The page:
In my experience working in IT industry from early 2000 one aspect of dealing with data that is always taken very seriously is data governance.
For many years the industry learnt how important it is to have a data governance process in place to keep your data safe and healthy so you get the most out of your data. Power BI is no different to any other data platforms, so data governance is an important part of it. However, the concept of self-service data management which offers all the beauties and power an agile approach caused some organisations not to think about their governance approach from the outset.
On the other hand, some people find governance as a burden which slows down the adoption. Some people think even worse, they think governance is a stopper which puts a lot of unnecessary restrictions in place which decreases efficiency.
But in reality if you start data governance planning sooner than later you can protect your organisation from a lot of risks down the road which can get really nasty and costly like:
Risk of law suits due to data leakage and privacy issues
Untrusted data analysis and reporting due to poor quality of data
Poor performing solution due to lack of auditing
Inefficient development outcomes due to undefined environments
Power BI is taking off, and it’s fast becoming the most popular business intelligence platform on the market. It’s easy to engage with and get professional results quickly, making it the perfect tool for organisations looking to beef up their BI prowess and make data driven decisions through-out the organisation.
In this post we’re going to look at three good practices for implementation and give you the tips you need to make sure you avoid common pitfalls so you are on the fast track to success with Power BI on your organisation.
1. Setup multiple environments
When working on a Power BI implementation project, it’s wise to have multiple environments to manage the lifecycle of your BI assets. Below we’ve listed several environments that should be considered depending on the complexity of the project and your organisation’s needs.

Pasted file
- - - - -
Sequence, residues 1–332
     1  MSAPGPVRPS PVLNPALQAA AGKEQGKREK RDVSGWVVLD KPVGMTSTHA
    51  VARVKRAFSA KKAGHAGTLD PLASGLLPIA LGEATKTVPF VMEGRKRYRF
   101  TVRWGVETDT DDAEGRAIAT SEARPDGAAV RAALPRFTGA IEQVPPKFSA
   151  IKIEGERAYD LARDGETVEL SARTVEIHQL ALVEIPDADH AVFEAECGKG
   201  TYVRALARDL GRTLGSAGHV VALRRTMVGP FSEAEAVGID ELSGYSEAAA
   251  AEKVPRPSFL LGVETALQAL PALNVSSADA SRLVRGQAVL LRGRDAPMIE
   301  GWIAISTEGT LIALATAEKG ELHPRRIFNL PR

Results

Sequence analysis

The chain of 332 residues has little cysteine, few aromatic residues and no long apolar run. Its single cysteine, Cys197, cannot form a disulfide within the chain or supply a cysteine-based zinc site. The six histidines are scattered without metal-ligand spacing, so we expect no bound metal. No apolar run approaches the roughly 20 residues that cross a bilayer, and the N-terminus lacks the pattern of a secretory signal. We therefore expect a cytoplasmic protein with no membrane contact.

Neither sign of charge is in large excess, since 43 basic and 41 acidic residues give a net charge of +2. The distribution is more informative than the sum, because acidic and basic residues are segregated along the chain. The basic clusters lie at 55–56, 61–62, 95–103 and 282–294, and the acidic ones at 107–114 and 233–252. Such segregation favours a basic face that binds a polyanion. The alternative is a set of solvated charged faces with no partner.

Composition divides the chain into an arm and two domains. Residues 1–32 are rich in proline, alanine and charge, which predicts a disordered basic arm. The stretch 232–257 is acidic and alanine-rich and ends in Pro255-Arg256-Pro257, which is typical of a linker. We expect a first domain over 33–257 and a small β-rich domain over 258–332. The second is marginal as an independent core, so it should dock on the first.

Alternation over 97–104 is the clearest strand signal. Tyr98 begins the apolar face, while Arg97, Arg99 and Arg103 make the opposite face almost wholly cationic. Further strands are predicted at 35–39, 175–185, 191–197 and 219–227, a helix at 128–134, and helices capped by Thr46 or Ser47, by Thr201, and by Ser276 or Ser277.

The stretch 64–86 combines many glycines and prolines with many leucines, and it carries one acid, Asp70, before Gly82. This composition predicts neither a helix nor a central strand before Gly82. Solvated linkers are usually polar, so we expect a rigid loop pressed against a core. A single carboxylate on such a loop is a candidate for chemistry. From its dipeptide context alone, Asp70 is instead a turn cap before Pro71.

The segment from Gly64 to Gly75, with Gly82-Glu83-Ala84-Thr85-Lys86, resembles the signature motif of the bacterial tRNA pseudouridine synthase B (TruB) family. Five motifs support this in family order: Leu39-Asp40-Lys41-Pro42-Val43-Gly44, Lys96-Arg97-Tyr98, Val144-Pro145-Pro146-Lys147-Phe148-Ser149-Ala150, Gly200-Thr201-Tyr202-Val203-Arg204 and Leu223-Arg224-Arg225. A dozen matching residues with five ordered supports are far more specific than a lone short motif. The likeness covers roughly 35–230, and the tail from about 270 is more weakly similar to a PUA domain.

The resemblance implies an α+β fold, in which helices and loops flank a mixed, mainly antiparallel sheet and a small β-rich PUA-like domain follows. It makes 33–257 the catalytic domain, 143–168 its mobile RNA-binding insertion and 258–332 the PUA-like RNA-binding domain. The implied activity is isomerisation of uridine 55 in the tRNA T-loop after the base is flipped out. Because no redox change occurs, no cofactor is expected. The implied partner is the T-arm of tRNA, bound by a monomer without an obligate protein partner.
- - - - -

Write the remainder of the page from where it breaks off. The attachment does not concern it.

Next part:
Development (aka Dev)
Being able to keep on top of the many reports you’re testing, and having the ability to track changes that occur, is essential as you get setup. Without a specific Dev environment, your production environment will quickly become overwhelmed with assets, making it hard to maintain and manage.
When working in the dev environment, make sure that you have data sources specifically for development. We’ve seen production data used in dev on many occasions which can lead to serious privacy and data sovereignty issues. Your dev data sources shouldn’t contain sensitive data.
These development environments can be on your local network or in cloud storage (like OneDrive for Business or GitHub). It is recommended to have separate Workspaces in Power BI Service for each environment.
Tip: The data sources of all published reports to Power BI Service must be sufficient for development use only and should avoid including confidential data.
User Acceptance Testing (aka UAT)
The people who will be using the reports daily are the ones who should be testing them – they know the business best, and will be able to identify opportunities and gaps that the development team may not be able to identify themselves. By making sure the user is brought into the process early on, it maximises the value added to the business.
User acceptance testing is the last phase of testing. The UAT environment should only be created once the solution has been fully tested in Dev and approved by senior Power BI developers.